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Albuquerque Divorce Law Blog

Settle an uncontested divorce through mediation

Even though divorce is often the best choice that Albuquerque couples stuck in a crumbling marriage can make, that doesn't mean that it's not stressful and confusing. This may be especially true for those whose divorce will ultimately go through a courtroom trial. However, there is an alternative to a lengthy and emotionally difficult courtroom trial -- divorce mediation. This may work especially well in an uncontested divorce, in which there aren't very many disagreements.

Mediation offers a number of benefits. Because it is non-adversarial in nature, mediation can help couples going through a divorce resolve their divorce issues together, rather than pitting one spouse against the other. In mediation, the spouses are ultimately in control of what will be discussed and what the final terms of their divorce agreement will be. Mediation may also be less costly and save time in comparison to the costs and time associated with a courtroom trial.

What does it mean for parents to share joint custody?

When parents in New Mexico decide to end their relationship, they naturally want to stay involved in their child's life. After all, even though their relationship with the child's other parent did not last, they still want to have a meaningful relationship with their child. This includes not just the amount of time they will spend with their child, but also what parenting rights they will have with regards to their child.

In New Mexico, courts in general start with the assumption that it is in the best interests of the child for the child's parents to share joint custody. Joint custody includes the right to make major life decisions on behalf of the child. These include where the child will go to school, who the child's medical care providers will be and what kind of extracurricular activities the child will be involved in.

A spousal support award should be both fair and appropriate

Sometimes, after years or even decades of being married, a couple in Albuquerque will decide their marriage can no longer last, and they are best off getting a divorce. For some long-term marriages, there is a significant income discrepancy between each spouse, with one spouse earning a great deal more than the other spouse. This is especially true if one spouse stayed out of the workforce to raise a family while married.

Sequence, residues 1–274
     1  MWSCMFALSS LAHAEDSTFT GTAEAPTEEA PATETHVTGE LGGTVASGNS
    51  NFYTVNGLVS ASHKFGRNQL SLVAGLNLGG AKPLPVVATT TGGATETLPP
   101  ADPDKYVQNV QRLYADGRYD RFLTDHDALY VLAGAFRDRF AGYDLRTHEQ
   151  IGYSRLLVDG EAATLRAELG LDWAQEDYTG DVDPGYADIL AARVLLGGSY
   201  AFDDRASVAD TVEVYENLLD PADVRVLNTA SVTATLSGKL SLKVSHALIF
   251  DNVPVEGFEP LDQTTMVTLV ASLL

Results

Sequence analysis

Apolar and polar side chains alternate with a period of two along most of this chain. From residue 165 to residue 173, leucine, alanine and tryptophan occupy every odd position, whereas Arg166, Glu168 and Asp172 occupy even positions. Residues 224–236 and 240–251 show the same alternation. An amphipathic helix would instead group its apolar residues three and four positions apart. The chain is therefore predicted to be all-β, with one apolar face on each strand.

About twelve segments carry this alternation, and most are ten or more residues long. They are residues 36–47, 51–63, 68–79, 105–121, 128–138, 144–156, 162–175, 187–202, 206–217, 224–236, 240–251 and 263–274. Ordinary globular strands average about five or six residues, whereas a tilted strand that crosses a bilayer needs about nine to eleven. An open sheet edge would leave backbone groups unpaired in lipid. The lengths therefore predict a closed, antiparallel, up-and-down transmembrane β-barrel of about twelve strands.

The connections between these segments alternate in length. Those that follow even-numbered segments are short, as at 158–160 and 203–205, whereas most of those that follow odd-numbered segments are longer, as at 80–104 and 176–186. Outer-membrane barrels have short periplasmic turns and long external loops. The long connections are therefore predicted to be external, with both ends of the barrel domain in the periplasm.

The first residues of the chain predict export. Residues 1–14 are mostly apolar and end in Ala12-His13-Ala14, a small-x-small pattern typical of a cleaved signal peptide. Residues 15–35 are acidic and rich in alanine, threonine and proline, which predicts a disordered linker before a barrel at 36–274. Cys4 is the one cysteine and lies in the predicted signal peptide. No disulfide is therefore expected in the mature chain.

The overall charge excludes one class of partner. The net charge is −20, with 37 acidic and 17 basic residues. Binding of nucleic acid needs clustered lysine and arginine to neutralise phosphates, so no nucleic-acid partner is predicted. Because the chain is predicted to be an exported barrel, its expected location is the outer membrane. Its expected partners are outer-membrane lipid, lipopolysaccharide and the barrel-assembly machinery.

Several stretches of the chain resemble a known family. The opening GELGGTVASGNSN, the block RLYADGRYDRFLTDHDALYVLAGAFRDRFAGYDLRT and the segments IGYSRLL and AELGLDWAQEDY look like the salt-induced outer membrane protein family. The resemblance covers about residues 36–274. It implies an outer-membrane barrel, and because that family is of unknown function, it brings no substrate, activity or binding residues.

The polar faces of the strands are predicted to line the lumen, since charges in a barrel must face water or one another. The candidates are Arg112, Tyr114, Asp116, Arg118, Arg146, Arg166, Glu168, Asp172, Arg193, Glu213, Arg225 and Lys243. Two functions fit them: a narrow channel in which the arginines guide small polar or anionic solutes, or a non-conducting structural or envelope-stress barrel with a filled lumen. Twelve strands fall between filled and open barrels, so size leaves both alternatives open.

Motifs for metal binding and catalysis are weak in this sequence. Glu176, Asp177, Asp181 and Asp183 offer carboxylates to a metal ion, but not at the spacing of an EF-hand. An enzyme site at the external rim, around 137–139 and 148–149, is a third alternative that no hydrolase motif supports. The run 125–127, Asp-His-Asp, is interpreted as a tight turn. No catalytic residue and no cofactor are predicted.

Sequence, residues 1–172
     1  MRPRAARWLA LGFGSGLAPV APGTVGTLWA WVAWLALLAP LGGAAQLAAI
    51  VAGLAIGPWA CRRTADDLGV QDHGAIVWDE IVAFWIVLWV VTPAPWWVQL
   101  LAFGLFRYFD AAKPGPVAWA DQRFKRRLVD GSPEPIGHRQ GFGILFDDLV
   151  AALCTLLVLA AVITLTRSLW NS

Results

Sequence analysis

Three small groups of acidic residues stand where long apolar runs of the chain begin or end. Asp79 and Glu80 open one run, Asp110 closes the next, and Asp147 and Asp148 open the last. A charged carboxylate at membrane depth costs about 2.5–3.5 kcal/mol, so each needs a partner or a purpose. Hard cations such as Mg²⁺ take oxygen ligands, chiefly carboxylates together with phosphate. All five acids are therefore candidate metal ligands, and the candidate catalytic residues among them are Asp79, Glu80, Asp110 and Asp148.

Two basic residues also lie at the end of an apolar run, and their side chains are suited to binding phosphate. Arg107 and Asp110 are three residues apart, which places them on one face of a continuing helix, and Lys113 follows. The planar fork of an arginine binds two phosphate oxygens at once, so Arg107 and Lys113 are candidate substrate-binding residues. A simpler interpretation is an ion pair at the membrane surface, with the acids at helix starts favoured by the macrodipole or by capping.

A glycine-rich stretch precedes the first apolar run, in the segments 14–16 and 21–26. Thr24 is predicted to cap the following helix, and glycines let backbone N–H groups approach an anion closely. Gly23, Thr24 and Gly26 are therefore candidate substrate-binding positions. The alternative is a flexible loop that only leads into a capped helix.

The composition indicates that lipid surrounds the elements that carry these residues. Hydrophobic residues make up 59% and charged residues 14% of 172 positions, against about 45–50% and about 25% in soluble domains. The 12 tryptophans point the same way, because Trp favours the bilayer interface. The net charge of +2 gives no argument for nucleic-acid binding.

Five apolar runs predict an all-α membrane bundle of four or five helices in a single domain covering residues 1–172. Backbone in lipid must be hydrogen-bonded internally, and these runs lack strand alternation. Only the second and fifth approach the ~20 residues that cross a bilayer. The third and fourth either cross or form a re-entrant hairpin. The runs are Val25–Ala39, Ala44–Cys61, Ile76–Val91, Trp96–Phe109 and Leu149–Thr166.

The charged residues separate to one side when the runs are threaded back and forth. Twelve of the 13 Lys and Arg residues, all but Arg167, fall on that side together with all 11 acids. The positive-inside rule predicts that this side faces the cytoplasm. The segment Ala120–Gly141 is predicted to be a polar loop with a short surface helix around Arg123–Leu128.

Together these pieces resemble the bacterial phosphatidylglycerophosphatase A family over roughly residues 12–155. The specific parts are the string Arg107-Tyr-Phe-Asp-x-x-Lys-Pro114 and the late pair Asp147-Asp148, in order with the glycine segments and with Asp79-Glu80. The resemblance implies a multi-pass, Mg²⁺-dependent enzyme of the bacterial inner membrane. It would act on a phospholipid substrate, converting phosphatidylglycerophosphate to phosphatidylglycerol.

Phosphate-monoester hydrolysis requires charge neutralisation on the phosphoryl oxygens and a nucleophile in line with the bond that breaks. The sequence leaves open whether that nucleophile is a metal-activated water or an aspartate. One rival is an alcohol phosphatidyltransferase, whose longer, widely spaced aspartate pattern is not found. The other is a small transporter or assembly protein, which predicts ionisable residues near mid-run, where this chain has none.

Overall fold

Therefore, in situations like this the issue of spousal support is likely to come up. In New Mexico, there isn't a standard formula for calculating spousal support. However, there are a number of factors courts may consider when determining how much spousal support to award.

Grandparents' rights benefit both grandparents and children

For most grandparents in Albuquerque, their grandchildren are a source of pride and joy. They love their grandchildren with all their heart and naturally want to spend as much time with them as possible. However, this precious time can be cut off if the child's parents divorce. Sometimes, during a messy divorce, one parent will try to keep his or her ex's parents from seeing the child. This can have a detrimental effect on both the child and the grandparents. This is why, over the past few decades, grandparents' rights have been granted by courts in certain situations.

It is basically recognized that in order to mature into a healthy adult, a child needs to have contact with his or her grandparents and other relatives. In general, visitation rights may be given in situations in which the child's parents are divorced, and one parent is preventing the child from letting the grandparents have a chance to be a part of the child's life. This may also be the case if the child has been adopted or if the child has been placed in foster care.

What factors are considered when awarding alimony in New Mexico?

Usually when two spouses in New Mexico divorce, they do not want much to do with one another. However, one way that they will stay tethered to one another (whether they like it or not) is through alimony. While a spouse may be reluctant to pay alimony to their ex, it is often necessary for the receiving spouse to get back on their feet financially. Moreover, alimony payments need not continue indefinitely. Therefore, individuals who are getting a divorce may wonder how courts decide upon an appropriate amount of alimony.

Under New Mexico statutes section 40-4-7, there are several factors the court will consider when determining how much alimony should be awarded in a divorce. One factor that will be considered is how old each party is and the condition of their health. Each party's current earning potential and future earning potential may also be considered. Each party's good-faith efforts to find or keep a job so that they can support themselves may also be considered.